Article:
A Comparative Case: The View from Quebec in Churchill Falls
(Labrador) Corp v Hydro-Quebec
Coinciding with these cultural, social, and economic changes was the 1969 agreement to build one of the worlds largest hydroelectric facilities: in Labrador, at Churchill Falls
. Operating under the rubric of "develop or perish" (incidentally, the same phrase used in pre-Confederation times for resource development), Newfoundland entered into a deal with the province of Quebec and a coalition of international business interests to develop the Churchill Falls
dam (Horwood, 1989; Marland, 2010).
It has completed more than 45 hydroelectric power plants, including the James Bay and Churchill Falls
hydroelectric power plants in Canada, and the Uribante-Caparo generating station in Venezuela.
The New Dawn agreement, signed in September 2008, offers the Labrador Innu hunting rights within 34,000 square kilometres of land, plus $2 million annually in compensation for flooding that followed the construction in the 1960s of the huge Upper Churchill Falls
The Churchill Falls
(Labrador) Corporation requires this clarification in order to finalize a water management agreement with Nalcor Energy.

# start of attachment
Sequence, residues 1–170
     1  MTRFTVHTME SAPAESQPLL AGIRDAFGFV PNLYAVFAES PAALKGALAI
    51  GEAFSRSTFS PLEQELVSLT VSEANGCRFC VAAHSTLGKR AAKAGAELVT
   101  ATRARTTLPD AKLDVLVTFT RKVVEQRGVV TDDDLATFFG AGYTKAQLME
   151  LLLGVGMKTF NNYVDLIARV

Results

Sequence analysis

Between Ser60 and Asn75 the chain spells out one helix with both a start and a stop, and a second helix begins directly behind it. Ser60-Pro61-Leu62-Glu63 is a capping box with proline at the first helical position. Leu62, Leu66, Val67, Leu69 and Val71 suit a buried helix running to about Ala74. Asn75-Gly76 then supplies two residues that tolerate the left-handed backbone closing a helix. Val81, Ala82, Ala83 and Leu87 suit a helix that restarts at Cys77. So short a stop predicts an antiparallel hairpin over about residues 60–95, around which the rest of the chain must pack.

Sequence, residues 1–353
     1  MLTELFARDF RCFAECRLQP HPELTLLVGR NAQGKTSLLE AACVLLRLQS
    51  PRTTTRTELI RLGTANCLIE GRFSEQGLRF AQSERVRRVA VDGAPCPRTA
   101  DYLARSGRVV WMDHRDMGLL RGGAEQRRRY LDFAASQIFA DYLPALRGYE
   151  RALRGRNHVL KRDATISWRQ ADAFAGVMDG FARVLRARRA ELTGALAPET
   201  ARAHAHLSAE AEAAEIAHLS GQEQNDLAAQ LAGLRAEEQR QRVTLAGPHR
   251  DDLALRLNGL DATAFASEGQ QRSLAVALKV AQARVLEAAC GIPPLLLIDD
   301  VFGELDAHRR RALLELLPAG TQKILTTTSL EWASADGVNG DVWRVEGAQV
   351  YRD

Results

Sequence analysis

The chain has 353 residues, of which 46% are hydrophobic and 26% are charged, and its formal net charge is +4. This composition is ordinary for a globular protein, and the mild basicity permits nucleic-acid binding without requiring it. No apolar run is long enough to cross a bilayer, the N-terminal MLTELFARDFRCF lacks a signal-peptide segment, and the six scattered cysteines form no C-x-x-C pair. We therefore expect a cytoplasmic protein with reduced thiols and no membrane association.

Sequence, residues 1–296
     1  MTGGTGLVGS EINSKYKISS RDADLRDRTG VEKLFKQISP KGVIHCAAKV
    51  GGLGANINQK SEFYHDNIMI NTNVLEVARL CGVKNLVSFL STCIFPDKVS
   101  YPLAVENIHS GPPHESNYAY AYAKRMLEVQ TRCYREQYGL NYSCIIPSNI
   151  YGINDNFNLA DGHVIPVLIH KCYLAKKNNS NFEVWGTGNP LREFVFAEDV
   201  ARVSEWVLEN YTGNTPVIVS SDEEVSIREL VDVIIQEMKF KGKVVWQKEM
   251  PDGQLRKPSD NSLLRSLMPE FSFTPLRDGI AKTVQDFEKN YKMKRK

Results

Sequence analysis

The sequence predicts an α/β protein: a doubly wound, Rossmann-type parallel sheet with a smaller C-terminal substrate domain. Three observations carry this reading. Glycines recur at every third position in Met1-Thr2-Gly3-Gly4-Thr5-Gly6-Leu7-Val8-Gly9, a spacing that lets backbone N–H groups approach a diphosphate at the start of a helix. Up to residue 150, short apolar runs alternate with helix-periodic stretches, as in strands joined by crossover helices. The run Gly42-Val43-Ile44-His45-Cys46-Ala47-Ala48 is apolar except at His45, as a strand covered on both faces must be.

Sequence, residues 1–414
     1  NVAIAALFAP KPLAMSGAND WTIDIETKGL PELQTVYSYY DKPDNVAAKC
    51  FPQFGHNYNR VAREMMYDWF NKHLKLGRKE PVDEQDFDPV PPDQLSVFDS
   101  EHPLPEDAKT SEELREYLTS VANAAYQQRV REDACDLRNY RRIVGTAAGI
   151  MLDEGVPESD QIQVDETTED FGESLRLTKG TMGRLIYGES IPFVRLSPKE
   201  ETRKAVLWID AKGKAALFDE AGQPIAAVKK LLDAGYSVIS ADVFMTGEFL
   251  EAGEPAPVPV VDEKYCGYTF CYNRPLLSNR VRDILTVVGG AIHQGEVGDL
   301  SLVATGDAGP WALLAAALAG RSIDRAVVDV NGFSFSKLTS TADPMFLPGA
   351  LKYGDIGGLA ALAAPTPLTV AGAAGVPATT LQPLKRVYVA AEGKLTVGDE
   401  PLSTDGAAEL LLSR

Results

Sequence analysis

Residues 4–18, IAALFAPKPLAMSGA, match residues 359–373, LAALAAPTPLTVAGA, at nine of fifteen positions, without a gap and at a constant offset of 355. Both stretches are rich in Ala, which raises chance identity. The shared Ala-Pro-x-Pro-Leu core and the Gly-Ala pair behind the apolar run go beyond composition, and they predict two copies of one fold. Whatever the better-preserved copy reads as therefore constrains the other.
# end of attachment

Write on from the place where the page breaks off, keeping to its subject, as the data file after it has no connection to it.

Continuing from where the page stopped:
Most astounding human-made sight: The vast granite cavern that houses the generators for the Churchill Falls
was once the site of an incredible survival story.
The interprovincial agreement that created the Churchill Falls
hydroelectric project in Labrador, once the diamond in former premier Joey Smallwood's eye, has proven to favour--by $1 billion per year in revenue--just one of the two provinces involved: Quebec.
In reducing its dependency on coal, Ontario's Ministry of Energy has expressed interest in tapping into 2,800 megawatts of renewable hydroelectric power from Labrador's proposed Lower Churchill Falls
and Metis Energy Corporation are developing a CDN$2.5 billion wind farm near Churchill Falls